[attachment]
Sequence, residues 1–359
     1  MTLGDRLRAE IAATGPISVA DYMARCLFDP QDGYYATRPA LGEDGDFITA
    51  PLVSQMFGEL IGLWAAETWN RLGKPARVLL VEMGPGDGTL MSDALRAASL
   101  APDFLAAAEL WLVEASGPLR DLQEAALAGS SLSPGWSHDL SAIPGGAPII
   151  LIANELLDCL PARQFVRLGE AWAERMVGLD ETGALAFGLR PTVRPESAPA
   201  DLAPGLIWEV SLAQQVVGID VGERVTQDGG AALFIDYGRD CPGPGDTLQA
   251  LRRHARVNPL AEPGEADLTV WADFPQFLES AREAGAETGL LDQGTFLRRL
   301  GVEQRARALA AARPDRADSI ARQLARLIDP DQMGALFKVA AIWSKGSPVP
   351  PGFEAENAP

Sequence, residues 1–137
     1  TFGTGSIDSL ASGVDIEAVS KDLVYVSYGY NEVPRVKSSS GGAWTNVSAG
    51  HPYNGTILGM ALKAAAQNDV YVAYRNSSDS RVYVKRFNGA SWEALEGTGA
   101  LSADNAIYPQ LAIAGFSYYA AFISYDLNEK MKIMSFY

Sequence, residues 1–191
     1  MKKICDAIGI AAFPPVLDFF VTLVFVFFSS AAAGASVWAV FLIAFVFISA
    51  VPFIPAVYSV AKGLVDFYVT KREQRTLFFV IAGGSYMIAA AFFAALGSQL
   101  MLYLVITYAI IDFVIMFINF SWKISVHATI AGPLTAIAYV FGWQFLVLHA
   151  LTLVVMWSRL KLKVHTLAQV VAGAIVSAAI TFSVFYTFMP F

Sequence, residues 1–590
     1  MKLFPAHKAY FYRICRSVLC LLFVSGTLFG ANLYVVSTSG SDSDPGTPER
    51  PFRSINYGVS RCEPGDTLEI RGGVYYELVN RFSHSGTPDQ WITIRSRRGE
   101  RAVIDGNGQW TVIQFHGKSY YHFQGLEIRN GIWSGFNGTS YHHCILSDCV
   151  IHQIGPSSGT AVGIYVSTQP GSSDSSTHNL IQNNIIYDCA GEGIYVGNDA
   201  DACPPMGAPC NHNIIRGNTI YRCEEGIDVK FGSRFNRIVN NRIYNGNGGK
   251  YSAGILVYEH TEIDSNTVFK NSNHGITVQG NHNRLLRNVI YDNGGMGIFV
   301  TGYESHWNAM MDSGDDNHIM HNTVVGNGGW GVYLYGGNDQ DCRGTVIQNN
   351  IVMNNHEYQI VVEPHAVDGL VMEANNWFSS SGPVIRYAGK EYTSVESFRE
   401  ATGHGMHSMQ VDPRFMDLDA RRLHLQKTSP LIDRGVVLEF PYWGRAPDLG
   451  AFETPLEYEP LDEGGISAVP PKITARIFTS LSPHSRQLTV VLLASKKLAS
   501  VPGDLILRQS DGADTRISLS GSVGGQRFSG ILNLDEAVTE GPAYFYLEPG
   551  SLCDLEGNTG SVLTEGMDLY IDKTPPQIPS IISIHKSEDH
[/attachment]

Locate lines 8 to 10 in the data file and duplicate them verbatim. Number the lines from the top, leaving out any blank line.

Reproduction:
   301  GVEQRARALA AARPDRADSI ARQLARLIDP DQMGALFKVA AIWSKGSPVP
   351  PGFEAENAP

Sequence, residues 1–137